Following its latest review of the situation on the Belarus-Poland border, the European Union has backed the use of sanctions against Belarus for using migration as a mode of manipulation, Hungary’s foreign minister said in Brussels on Monday.
Under the resolution approved at Monday’s meeting of the Foreign Affairs Council, the EU can impose sanctions on people and organisations who use migration as a mode of manipulation, Péter Szijjártó said on the sidelines of the meeting. The list of specific individuals and entities to be sanctioned will be decided later, he added.
The EU faces “unprecedented levels of migration pressure”,
Szijjártó said, arguing that the bloc was “under siege from the south, the south-east and the east”.
He said the Visegrad Group had also held a special meeting on Monday where the Czech Republic, Hungary and Slovakia all offered their help to Poland.
When Hungary found itself in a similar situation in 2015, the other V4 countries all came to its aid, the minister said.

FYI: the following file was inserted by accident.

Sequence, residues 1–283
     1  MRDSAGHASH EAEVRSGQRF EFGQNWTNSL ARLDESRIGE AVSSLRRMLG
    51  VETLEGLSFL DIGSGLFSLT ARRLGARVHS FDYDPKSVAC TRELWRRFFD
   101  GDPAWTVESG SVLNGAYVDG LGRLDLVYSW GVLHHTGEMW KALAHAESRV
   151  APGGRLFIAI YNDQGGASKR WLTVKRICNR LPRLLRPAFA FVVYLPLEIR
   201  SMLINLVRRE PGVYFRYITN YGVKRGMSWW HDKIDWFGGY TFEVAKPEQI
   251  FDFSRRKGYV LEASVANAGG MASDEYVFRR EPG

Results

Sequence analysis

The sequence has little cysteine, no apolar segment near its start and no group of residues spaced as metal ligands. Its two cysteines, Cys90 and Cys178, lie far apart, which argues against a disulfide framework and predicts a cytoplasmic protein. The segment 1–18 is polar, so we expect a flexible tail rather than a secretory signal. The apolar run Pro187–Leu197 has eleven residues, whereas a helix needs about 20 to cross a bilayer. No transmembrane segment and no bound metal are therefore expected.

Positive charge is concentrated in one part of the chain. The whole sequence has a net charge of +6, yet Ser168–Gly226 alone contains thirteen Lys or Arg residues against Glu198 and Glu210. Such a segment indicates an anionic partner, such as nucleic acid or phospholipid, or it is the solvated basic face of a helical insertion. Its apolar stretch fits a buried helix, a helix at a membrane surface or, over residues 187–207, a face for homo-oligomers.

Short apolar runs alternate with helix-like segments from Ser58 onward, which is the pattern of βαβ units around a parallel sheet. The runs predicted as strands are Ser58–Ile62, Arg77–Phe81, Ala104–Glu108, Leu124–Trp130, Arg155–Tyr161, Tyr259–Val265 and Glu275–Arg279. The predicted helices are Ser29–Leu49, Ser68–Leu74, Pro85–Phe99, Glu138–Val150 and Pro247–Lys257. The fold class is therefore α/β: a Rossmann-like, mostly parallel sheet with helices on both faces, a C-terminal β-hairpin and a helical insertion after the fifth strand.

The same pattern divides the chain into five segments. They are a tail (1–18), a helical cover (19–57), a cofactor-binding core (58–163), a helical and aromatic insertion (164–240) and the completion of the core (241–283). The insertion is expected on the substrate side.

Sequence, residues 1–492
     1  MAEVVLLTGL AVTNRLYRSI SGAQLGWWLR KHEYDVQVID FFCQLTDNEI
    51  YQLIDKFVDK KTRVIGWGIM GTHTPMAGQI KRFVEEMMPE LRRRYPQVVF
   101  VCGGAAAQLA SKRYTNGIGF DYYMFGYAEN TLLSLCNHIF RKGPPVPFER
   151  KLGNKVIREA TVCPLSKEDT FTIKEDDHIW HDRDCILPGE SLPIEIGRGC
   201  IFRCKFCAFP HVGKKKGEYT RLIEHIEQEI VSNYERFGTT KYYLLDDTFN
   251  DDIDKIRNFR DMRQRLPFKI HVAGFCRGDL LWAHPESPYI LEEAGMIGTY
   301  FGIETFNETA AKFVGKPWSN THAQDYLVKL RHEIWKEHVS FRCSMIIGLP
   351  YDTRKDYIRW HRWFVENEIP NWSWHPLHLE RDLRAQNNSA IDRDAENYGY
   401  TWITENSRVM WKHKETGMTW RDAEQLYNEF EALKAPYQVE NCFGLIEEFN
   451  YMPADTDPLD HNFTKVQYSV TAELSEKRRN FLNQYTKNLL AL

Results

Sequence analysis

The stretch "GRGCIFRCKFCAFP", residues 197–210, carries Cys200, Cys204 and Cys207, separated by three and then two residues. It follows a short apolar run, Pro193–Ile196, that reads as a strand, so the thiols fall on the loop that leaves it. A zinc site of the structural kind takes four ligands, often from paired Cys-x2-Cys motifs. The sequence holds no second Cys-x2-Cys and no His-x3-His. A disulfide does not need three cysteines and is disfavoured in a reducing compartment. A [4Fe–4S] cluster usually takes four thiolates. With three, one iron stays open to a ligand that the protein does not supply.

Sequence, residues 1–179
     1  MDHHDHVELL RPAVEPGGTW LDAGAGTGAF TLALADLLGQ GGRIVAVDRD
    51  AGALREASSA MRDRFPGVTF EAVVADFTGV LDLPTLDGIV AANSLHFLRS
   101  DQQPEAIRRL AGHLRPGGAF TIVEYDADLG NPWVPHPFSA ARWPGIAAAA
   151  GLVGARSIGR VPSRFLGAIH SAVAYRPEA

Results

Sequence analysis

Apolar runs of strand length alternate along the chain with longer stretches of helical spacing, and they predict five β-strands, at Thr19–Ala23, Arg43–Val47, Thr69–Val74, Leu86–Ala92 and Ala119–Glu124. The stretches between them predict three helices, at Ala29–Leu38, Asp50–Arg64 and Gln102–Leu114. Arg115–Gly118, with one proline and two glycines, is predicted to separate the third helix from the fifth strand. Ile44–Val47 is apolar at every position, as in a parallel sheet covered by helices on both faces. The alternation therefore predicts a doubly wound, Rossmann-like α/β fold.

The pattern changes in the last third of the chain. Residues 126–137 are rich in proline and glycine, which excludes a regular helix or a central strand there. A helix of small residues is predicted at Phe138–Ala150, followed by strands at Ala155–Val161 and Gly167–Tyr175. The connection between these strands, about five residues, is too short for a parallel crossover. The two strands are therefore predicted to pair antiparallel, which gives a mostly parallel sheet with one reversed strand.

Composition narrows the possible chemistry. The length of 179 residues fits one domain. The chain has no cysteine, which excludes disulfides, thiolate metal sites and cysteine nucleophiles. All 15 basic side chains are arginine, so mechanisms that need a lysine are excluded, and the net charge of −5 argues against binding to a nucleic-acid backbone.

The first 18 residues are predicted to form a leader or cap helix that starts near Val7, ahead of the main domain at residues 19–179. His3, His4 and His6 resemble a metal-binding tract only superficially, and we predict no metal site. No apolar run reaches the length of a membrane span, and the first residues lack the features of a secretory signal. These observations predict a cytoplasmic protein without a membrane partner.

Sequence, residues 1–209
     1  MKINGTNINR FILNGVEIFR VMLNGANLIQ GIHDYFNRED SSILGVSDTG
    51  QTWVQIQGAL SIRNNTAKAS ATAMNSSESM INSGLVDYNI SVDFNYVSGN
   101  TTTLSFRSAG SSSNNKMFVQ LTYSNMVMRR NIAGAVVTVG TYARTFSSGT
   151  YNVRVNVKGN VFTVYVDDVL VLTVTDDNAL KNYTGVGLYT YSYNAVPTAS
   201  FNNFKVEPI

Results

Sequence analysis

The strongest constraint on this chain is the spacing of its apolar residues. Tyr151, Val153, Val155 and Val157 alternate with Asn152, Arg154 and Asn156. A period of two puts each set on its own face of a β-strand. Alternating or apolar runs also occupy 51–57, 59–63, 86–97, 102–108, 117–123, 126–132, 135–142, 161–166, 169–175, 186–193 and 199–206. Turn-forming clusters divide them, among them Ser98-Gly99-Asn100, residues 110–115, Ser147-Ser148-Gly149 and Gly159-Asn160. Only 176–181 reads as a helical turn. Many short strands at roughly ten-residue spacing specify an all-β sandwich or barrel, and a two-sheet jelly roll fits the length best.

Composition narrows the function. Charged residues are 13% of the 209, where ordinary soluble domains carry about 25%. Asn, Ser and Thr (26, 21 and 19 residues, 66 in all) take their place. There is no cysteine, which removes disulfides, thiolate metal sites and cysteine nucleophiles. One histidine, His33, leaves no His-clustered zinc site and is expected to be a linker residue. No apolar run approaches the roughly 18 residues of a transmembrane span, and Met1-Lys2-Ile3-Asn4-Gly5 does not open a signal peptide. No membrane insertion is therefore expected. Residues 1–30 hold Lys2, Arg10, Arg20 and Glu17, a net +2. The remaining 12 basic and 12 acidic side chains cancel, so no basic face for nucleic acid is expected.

Concerning the migration pressure from the south, Szijjártó emphasised the importance of improving living conditions instead of supporting emigration in troubled African countries.
Hungary does its fair share when it comes to such efforts, he said, noting that by end of 2023 the country will have contributed a maximum of 80 soldiers to Europe’s Takuba Task Force fighting Islamic State-linked militants in Mali.
Szijjártó also urged speeding up the EU integration of the Western Balkans, saying Hungary expected the bloc to begin accession talks with Albania and North Macedonia and to open at least two accession chapters with Serbia before the end of the year.
“Anyone who blocks this must bear the responsibility for the historic levels of damage that will cause in this region,” he said.
Meanwhile, the minister said Hungary would support an Eastern Partnership country deepening its ties with the EU only if its leadership respected the rights of national minorities like those of Ukraine’s ethnic Hungarian community.
On another subject, he said Azerbaijan could become a key player when it comes to Europe’s gas supply, but this required investments in infrastructure and increased extraction rates.
“If we can’t make that work, then no one will have the right … to criticise us for having to sign a long-term gas supply deal with Russia,” he said.
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